This version is denied by Louise Verreault, then spouse of Paul Rose and present at the meeting. It is not, however, incompatible with the version found in the Duchaîne report, in a passage based on interviews conducted at the time with Paul Rose and members of the Liberation cell. Duchaîne indicates that it is agreed that Cross “will not be executed”, but that it is “decided that the FLQ” will not intervene in favor of Minister Laporte in the death sentence pronounced against him by the authorities in place ” . “
Obviously, Cossette-Trudel did not at the time reveal to Mr.e Duchaine Paul Rose’s desire to end one of the hostages. However, he revealed it to the other members of his cell as soon as he saw them again. This is what he says in his own book, A witch among the felquists, Louise Lanctôt, spouse of Cossette-Trudel. This is also confirmed to me in an interview with Jacques Lanctôt. He also remembers that Cossette-Trudel told him about Rose’s revolver.
All these elements invalidate the account according to which the Felquists had made the decision to release Laporte. They had mentioned it, yes. Simard says he spoke at length with Mr. Laporte. But they were also, and obviously above all, juggling with the will to execute.
Francis Simard and Jacques Lanctôt were prisoners together, at the Saint-Vincent-de-Paul penitentiary. Lanctôt says that Simard only told him once about the circumstances of Laporte’s death. “Francis no longer spoke to the Roses because he was against the idea of making the murder an accident,” says Lanctôt. The execution was deliberate, Simard told him, adding that “it took many minutes before Laporte breathed his last.”
Where does the information come from that Laporte started screaming and that a felquist wanted to silence him? Once arrested, Jacques Rose is entitled to an interview with his lawyer, Robert Lemieux, protected by confidentiality between lawyer and client. But an SQ team records him illegally. Me Duchaîne heard this tape. In an interview, he specifies that Jacques Rose does not give a precise account of the unfolding of events, but indicates that Laporte had a panic attack and began to cry. “It would not have ended like this if he had not acted as he acted,” said Jacques Rose, very up against Laporte whom he considers responsible for the events and whom he overwhelms with insults and blasphemies.
Another person, a judge, also heard the tape and told reporter Carl Leblanc the following for his book on Cross, The secondary character : “Jacques Rose is very angry, he rants against Laporte, as if the latter had forced him to take action. That says a lot about the degree of premeditation. And the way he indulges doesn’t leave much doubt as to who the strangled was. “
What about the blanket and pillow placed in the trunk of the car with the hostage’s body? In the Good Samaritan version, the two Felquistas allegedly put them there in order to get Mr. Laporte to hospital, before the “accident” that allegedly caused his death. In the version Simard recounts in his book, it is instead an expression of remorse, “as if we could still save him.” We carefully deposited it in the suitcase of the car. We put on blankets, a pillow. We bundled him up. “
A two-step explanation
Once we put the event in context, which was not benevolent, a review of the medical evidence of death gives us arguably the most useful answer.
First of all, it is true that Laporte’s injuries were impressive. The bandages on the wrists were soaked in blood. But the medical examiner on file, Dr Jean-Paul Valcourt, concludes: “Mr. Laporte’s corpse, as far as I’m concerned, we can’t say that it lost a lot of blood when I did the autopsy. “
According to coroner Jean Brochu, consulted for this article, and according to the “bible” in terms of strangulation, Forensic Pathology Drs Dominick and Vincent Di Maio, it takes a dozen seconds and at most thirty to silence a person by applying strong pressure around the neck. It’s not the air it lacks, it’s the blood that no longer oxygenates the brain.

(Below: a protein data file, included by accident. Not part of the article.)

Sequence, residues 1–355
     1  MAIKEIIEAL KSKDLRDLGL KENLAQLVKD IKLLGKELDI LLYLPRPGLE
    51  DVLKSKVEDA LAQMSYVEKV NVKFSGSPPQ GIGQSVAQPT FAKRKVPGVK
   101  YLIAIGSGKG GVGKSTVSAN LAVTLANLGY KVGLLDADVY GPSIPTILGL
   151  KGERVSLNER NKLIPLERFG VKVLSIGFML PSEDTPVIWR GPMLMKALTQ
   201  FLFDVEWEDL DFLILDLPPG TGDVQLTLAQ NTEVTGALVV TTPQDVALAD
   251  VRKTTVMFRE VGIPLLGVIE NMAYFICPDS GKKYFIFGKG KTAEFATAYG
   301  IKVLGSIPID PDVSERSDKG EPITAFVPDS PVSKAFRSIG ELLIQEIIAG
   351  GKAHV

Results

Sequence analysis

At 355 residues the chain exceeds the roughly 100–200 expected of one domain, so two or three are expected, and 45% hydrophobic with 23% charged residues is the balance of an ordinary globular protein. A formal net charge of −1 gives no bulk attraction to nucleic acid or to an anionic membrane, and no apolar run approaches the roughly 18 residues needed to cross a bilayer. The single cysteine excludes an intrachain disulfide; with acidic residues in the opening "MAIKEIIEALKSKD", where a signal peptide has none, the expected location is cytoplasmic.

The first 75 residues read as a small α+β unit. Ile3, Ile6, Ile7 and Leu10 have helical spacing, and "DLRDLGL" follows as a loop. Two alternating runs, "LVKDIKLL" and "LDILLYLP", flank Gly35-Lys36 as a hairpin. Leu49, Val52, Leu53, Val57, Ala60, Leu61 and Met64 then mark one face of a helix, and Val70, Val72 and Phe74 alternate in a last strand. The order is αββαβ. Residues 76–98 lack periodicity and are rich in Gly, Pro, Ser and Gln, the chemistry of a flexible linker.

If the Felquistas’ goal was to silence Laporte, this pressure would have been enough to make him lose consciousness. But to strangle a 57-year-old man who has lost some blood requires continuous pressure for a few minutes. How many ? It’s variable. At least three, four or five. The Dr Valcourt concludes from his examination of the deceased that strong pressure was applied first, then lighter pressure. Which suggests that there are two moments, two outcomes.
The pathologist Yann Dazé, who has supervised more than 50 cases of strangulation, is categorical: in less than 30 seconds, the felquists had before them an inanimate body. They couldn’t be wrong. “To continue the pressure beyond this deadline is a matter of another desire” than that of silencing the man, he explains. After 30 seconds, the victim “is like in a coma”, he adds.
“We finished it”
We are therefore in the presence of only two probable versions. There is that of pure and simple execution, defended by Simard in his book, in Falardeau’s film and in his discussion with his fellow prisoner Jacques Lanctôt.
There is the slightly more charitable one of death in two stages. We would be there in the presence of felquists uncertain of the fate they want to reserve for their hostage. Maybe even decided, at the key moment, to take him to the car, but forced to stop him from screaming. The occasion making the thief, the felquist having started the strangulation, angry with the hostage, decides to go to the end of his process and to make the man pass from life to death.
This scenario can be supported by an illegal second registration. When Paul Rose recounts the events to Robert Lemieux after his arrest, SQ Constable Claude Lavallée arranges the recording. He mentions it in his book Revelations of an SQ spy. In an interview, he claims to have transcribed into his book the notes he had taken on the spot and swears that it is really Paul and not Jacques Rose.
Paul Rose says: “When we saw that we could not do much for him, because it was impossible for us to bring a doctor or bring him to the hospital, we finished him. , with the chain he had around his neck. “
The police believe they just heard a confession. They have yet to understand that Paul Rose was absent from the stage and that he is telling what his brother Jacques told him. But this “we are done” is evocative.
Francis Simard’s story provides the context: “You create events, but there comes a time, a moment, when it is the events that you created that carry you. We had the feeling that Laporte was already dead. He was like someone whose life had been taken away. He looked completely “drained”. You felt that he had already been killed for him. “
This terrible but plausible hypothesis is that, to begin with, they wanted to silence him. And finally, they finished it. For starters, it was an accident. In the end, it was murder.
The author wrote Insurgency apprehended – The Great Lie of October 1970, Carte Blanche editions / The Lisée box.